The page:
Wrong design?

This is a discussion on Wrong design? within the C++ Programming forums, part of the General Programming Boards category; I found myself in a position where it seems I need to use dynamic_cast but I would like to avoid ...

  1. #1
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    Wrong design?

    I found myself in a position where it seems I need to use dynamic_cast but I would like to avoid that. What I have is my base class called Sound and a bunch of derived object called PointSound, PlaneSound, etc. The problem is that from a different part of the program I have an stl map with pointers to different Sound objects which cound be PointSound, PlaneSound or whatever, and I need to have the actual type of the Sound. So for example I would do
    Code:
    Sound *currentSound = this;
    PlaneSound *mySound = dynamic_cast<PlaneSound*>(currentSound); //currentSound is type Sound.
    if(!mySound)
       return NULL;
    
    return mySound;
    But I want to avoid using dynamic_casts or having to enable RTTI due to performance issues. The only solution I could come up with is just plain horrible, I would create a virtual function in Sound called isPlaneSound() and would return a valid PlaneSound pointer if the Sound is in fact a PlaneSound. But that just horrible since I would have to do the same for each type and I code would be just horrible to maintain.

    I hope someone can help me, thanks in advance.

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    typeid several approaches

    dynamic_cast good solution

    Kuphryn

  3. #3
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    Quote Originally Posted by kuphryn
    typeid several approaches

    dynamic_cast good solution

    Kuphryn
    I'm trying to avoid both of those solutions due to performance issues. This is a real-time application.

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    "whoo whooo" that made me laugh for some reason heh.
    That's not my problem, PlaneSound(the name comes from a geometricaly planar sound source, not from an actual plane) and PointSound, etc. don't have the same functions and data except the data they share from the base class Sound. I'm trying to get a pointer to the right type. Thanks anyway.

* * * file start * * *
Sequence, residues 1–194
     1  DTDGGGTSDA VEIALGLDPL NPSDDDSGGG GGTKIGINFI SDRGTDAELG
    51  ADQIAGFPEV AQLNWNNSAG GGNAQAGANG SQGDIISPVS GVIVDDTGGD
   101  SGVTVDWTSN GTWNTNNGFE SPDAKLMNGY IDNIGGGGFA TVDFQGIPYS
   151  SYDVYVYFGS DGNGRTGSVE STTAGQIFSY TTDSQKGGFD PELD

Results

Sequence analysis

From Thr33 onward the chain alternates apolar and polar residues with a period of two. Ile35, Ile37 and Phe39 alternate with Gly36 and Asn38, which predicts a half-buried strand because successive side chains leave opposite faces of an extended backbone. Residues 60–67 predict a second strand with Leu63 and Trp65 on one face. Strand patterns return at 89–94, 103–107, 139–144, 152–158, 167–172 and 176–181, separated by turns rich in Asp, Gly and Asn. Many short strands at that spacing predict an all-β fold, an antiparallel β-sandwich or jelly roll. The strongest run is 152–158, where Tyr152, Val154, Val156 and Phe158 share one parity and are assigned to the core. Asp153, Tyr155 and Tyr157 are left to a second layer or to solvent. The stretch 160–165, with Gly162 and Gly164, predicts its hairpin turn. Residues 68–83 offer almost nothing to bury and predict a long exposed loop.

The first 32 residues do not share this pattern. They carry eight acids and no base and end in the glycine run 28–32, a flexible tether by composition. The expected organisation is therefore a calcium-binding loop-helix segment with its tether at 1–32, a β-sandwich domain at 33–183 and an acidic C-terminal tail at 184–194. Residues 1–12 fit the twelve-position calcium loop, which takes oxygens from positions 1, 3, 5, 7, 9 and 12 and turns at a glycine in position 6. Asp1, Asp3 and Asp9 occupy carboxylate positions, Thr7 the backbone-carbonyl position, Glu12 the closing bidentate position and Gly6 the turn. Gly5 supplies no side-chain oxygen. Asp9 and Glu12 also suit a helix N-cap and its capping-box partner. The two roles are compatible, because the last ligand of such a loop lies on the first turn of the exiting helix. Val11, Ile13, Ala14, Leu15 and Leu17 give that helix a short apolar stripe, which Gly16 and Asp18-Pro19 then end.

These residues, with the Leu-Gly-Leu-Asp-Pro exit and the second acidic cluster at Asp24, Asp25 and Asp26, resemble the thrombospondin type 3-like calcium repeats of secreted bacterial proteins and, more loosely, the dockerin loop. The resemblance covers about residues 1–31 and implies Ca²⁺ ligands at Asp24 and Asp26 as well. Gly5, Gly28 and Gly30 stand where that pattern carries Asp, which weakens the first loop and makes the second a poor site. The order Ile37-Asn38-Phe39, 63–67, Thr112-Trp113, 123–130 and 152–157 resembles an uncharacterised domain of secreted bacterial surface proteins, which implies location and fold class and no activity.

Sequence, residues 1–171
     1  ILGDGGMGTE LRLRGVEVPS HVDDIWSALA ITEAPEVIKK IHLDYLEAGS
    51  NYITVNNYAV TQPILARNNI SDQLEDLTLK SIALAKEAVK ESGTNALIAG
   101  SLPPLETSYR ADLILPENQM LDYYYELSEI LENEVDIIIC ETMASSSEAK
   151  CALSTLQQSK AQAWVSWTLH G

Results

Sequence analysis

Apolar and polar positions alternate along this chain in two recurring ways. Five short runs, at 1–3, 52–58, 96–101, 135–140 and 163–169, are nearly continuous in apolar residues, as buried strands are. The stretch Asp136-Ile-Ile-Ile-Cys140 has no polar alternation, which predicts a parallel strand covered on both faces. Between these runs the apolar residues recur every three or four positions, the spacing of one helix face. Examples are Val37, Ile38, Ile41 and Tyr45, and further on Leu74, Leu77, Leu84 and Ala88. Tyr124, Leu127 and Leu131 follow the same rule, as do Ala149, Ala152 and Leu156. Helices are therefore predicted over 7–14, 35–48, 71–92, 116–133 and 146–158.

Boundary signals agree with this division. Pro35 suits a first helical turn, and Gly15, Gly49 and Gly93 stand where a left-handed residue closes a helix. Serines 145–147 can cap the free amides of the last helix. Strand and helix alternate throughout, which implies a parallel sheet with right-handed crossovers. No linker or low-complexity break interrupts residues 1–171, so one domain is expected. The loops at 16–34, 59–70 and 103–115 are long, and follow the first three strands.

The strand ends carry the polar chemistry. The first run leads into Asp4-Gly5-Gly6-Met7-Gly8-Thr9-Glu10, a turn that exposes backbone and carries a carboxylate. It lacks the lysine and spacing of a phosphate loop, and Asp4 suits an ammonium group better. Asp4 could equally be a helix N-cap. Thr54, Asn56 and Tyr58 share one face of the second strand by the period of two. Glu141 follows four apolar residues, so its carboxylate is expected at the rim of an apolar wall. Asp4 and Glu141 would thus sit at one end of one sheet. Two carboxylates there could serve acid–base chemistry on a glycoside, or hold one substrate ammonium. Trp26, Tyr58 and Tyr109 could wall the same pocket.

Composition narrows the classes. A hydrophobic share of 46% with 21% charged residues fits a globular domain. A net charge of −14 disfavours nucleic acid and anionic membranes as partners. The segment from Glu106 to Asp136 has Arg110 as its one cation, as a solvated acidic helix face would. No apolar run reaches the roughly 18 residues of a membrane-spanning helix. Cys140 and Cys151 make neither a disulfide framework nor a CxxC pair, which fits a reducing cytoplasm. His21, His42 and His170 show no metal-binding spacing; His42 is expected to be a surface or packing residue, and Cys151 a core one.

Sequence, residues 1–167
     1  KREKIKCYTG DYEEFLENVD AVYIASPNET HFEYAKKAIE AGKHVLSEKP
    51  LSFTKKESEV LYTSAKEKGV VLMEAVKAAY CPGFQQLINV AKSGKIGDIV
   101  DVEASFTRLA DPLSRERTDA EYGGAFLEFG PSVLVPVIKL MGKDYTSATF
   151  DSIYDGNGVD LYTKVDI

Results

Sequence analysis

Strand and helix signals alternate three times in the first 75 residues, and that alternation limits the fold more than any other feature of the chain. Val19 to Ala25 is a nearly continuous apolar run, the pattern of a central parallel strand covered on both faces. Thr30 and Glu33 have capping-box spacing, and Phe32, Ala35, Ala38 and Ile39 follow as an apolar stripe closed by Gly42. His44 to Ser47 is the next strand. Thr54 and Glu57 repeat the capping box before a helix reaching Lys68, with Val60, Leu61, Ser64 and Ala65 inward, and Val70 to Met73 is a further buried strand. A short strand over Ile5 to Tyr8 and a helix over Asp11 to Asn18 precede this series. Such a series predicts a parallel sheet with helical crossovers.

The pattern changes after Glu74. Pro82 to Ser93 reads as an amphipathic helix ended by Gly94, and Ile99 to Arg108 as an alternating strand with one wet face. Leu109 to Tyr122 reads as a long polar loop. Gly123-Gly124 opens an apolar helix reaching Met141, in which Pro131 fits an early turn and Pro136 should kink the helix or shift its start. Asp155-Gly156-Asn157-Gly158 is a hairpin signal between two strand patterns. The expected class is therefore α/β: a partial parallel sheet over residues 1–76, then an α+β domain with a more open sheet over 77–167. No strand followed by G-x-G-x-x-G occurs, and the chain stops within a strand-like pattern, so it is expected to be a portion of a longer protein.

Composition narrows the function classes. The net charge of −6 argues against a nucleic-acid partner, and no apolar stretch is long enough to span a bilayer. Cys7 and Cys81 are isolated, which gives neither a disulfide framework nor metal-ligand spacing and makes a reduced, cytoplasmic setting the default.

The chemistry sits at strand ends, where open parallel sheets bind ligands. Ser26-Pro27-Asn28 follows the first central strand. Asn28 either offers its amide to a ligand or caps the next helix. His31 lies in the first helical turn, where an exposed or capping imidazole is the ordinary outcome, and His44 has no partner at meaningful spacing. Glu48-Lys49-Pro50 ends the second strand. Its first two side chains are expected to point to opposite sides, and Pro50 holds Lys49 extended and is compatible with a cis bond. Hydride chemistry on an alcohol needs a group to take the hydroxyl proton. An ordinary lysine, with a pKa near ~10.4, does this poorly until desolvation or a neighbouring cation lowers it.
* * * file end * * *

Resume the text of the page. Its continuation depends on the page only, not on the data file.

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    It really depends on what the function that you are currently using dynamic_cast in is supposed to do. If it is supposed to make a sound, for example, then perhaps elad's idea is a possible solution.

    You might also have a virtual function in the Sound class that creates a helper class. You would create a base class helper and derived class helpers for each specific class that you need. Then, you could call the GetHelper method from currentSound to get the helper class, and use the helper class' virtual functions to get the specific functionality.

    BTW, in your code example, you are using dynamic_cast on this. You should never really need that, since you can just call a virtual function and the derived class should be able to do the work.

    Also, they shouldn't be derived from the same class if they don't have the same interface.
    Last edited by Daved; 06-26-2006 at 01:52 PM.

  6. #6
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    Quote Originally Posted by Hulag
    Code:
    Sound *currentSound = this;
    PlaneSound *mySound = dynamic_cast<PlaneSound*>(currentSound); //currentSound is type Sound.
    if(!mySound)
       return NULL;
    
    return mySound;
    This bit of code is bad design.
    Since you are using this I assume it is a member function. You never need a dynamic cast in a member function, if it is a mamber function of PlaneSound it knows this is PlaneSound*

    If the function is meant to be a virtual function that renturns the corrsect somethingSound* it will not work. The base class will have this function in its signature with a certain return type and since the code will be called through that signature all the subclasses will return that type too.

    If you are really that concerned about performance you could give your base class a "type" function that returns an identifier unique to each subclass (say PlaneSound returns 1 and PointSound returns 2) and use a switch statement to select the correct code. Each case would then start with a static_cast<someSound*>. static_cast shoudl be safe there becasue you know it is casting to the correct type.

    Personally unless the number of sound types can vary at runtime I would go with the option of writing a number of member functions that do the downcast to each specific type.

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